by Sergio Brinkhuis
reviewed on PC
Work cut out
I am a PC gamer of the first hour which comes with perks and drawbacks. One of the drawbacks is that it is often difficult to convey my enthusiasm about a sequel announcement for a game franchise that has been presumed dead. That ‘difficult’ became ‘impossible’ with the announcement of Fallout 3. How do you explain the Fallout phenomenon to someone who has not played the original game? I don't think you can, at least not really. Aspects such as world politics and the state of video gaming back in 1997 are impossible to pass on to someone who has not played Fallout during that time. The gaming population was incredibly small back then compared to what it is today and finding like-minded Fallout nuts such as myself proved incredibly hard.
I often wondered how Bethesda would fare in facing these and other issues surrounding the Fallout name. Consider for instance that fans of the franchise are fiercely loyal and weary of anyone but Interplay even so much as pointing towards their game. Because of this, predicting the viability of a Fallout sequel was tricky at best. Bethesda had their work cut out for them but it wasn’t long until gamers, both new and old, warmed up to the game causing an uncharacteristic hype for a PC game.
One sentence description
If you would ask me to describe Fallout 3, I would tell you to stick Oblivion in a blender, adding the movies Mad Max and I am Legend, press the button for a couple of minutes and play the result. This is likely to be the most accurate one-sentence description one could give for Fallout 3 but it hardly does the game justice. I hope the rest of this review does.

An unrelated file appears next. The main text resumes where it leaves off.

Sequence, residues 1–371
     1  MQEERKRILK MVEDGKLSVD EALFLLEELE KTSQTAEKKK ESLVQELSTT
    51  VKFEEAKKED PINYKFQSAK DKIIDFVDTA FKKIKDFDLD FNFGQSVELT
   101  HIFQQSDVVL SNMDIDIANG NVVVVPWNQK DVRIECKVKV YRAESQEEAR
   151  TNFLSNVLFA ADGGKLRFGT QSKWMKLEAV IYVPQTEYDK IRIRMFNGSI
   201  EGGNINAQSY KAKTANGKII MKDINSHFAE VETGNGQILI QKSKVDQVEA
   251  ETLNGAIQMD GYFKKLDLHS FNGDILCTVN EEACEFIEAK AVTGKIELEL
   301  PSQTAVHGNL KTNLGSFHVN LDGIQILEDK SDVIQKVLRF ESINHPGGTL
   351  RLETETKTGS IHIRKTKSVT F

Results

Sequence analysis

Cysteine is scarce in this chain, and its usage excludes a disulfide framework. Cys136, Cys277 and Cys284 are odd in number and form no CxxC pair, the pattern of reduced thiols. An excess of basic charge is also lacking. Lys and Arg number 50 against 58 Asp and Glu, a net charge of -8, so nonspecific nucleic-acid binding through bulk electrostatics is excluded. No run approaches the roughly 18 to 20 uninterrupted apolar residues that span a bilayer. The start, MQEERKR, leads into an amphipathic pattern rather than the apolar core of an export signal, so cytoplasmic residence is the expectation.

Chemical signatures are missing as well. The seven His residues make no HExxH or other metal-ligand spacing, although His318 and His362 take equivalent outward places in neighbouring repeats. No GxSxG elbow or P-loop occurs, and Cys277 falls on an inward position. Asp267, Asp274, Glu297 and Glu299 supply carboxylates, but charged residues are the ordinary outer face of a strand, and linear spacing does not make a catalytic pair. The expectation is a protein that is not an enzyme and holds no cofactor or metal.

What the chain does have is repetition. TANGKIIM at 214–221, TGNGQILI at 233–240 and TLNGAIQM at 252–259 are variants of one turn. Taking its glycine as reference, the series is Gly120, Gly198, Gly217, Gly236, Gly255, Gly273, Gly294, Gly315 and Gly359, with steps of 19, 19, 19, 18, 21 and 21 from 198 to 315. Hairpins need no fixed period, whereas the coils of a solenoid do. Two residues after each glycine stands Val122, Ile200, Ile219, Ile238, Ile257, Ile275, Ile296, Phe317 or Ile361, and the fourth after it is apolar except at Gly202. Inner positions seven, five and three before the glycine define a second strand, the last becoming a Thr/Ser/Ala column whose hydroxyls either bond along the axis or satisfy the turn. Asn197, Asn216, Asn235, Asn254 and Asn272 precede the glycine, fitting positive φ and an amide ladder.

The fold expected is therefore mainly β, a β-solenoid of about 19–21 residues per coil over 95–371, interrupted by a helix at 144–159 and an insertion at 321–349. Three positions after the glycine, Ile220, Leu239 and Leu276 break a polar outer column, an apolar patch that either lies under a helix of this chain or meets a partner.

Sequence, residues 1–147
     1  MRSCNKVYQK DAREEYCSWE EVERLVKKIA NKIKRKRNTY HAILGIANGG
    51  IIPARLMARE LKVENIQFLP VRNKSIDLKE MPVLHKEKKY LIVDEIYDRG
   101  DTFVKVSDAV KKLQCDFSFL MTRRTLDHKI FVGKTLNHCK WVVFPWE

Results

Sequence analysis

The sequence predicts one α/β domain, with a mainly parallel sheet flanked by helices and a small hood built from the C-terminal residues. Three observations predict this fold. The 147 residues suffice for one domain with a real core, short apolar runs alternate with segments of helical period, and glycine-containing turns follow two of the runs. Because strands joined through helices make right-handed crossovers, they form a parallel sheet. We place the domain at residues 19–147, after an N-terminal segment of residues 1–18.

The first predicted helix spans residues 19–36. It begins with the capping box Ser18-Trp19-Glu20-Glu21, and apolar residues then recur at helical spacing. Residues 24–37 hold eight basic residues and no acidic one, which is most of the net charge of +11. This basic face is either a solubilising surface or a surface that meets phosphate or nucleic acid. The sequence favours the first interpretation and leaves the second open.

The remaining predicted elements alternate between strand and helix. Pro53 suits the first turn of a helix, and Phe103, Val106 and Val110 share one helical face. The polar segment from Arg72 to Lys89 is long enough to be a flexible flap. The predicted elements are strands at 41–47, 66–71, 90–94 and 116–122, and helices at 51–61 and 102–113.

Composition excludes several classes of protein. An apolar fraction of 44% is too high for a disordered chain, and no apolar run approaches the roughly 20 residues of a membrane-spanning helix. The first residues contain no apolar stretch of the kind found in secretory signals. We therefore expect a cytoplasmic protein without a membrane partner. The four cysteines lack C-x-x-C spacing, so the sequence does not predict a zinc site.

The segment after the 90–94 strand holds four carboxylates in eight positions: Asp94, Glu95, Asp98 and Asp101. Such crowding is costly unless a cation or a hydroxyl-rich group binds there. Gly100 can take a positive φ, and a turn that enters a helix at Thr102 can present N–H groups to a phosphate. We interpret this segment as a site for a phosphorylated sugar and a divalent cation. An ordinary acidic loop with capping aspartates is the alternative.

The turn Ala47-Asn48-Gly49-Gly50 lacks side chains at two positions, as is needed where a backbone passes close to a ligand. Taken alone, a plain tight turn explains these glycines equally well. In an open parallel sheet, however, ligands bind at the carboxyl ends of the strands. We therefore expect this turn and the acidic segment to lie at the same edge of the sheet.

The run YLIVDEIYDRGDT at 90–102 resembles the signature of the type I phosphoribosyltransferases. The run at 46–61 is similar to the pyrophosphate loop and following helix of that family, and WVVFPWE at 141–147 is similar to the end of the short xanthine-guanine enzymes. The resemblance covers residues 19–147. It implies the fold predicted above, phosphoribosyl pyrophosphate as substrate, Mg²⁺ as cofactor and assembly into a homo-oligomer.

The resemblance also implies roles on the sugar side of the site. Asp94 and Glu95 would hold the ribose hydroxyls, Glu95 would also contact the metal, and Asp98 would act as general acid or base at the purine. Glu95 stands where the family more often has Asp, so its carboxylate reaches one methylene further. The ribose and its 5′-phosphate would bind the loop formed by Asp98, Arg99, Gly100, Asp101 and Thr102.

Fallout is a post-apocalyptic action adventure set in the nuclear wasteland of the Washington city. Rather than the top-down isometric approach of its predecessors, the game is played through a first person or third person view. In true Fallout style, the game does not simply start off with a character creation tool where you fiddle with all the basic characteristics and skills before entering the game world. Instead, the game guides you through a series of scripted in-game events, registering your answers and actions. The results are compiled and then serve as a base for your character. Don’t worry, though, if you don’t like them - you can still change them before you leave Vault 101 in search of your father.
While most franchises edge forward in technology on a yearly or bi-yearly schedule, Fallout’s last appearance is over a decade old. As a result, Fallout 3's engine is an earth-shattering improvement over the previous two games. It is easy to see that Fallout 3 is powered by the same engine as Oblivion, even with the completely different style and ambiance. The Oblivion engine was far ahead of its time, setting new standards for the free roaming genre so this is hardly something to complain about.
The map is somewhat smaller than Oblivion’s but that doesn’t mean that there is less to do. The grimy, barren-looking ruins of Washington are filled to the brim with things to do and place to go to. You will rarely walk for more than a few minutes without encountering an enemy or place to explore and the latter is key to your survival. After 200 years of scavenging by the survivors of the nuclear war, supplies are often scarce. Items can be looted from defeated enemies but these will not be enough to keep you adventuring. To get more gear, you need to stop and trade at the few sorrowful looking settlements that can be found on the map. Each of these settlements has a unique feel and it is obvious that some are more prosperous than others.
No Pros and Cons at this time